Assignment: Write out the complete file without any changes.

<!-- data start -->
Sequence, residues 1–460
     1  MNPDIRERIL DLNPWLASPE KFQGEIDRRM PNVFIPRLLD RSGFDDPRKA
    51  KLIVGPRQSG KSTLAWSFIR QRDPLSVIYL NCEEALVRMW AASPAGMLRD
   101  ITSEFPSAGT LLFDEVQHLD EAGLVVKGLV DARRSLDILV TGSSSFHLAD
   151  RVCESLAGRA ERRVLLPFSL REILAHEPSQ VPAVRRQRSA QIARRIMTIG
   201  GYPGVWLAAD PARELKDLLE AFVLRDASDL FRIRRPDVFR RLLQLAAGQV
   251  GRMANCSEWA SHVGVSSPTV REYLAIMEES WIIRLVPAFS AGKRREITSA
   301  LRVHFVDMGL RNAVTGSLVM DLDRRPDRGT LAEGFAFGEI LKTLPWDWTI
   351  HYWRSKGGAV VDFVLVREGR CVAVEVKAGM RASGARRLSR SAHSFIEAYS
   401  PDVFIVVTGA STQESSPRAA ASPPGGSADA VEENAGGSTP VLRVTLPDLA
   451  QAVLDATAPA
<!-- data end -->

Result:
Sequence, residues 1–460
     1  MNPDIRERIL DLNPWLASPE KFQGEIDRRM PNVFIPRLLD RSGFDDPRKA
    51  KLIVGPRQSG KSTLAWSFIR QRDPLSVIYL NCEEALVRMW AASPAGMLRD
   101  ITSEFPSAGT LLFDEVQHLD EAGLVVKGLV DARRSLDILV TGSSSFHLAD
   151  RVCESLAGRA ERRVLLPFSL REILAHEPSQ VPAVRRQRSA QIARRIMTIG
   201  GYPGVWLAAD PARELKDLLE AFVLRDASDL FRIRRPDVFR RLLQLAAGQV
   251  GRMANCSEWA SHVGVSSPTV REYLAIMEES WIIRLVPAFS AGKRREITSA
   301  LRVHFVDMGL RNAVTGSLVM DLDRRPDRGT LAEGFAFGEI LKTLPWDWTI
   351  HYWRSKGGAV VDFVLVREGR CVAVEVKAGM RASGARRLSR SAHSFIEAYS
   401  PDVFIVVTGA STQESSPRAA ASPPGGSADA VEENAGGSTP VLRVTLPDLA
   451  QAVLDATAPA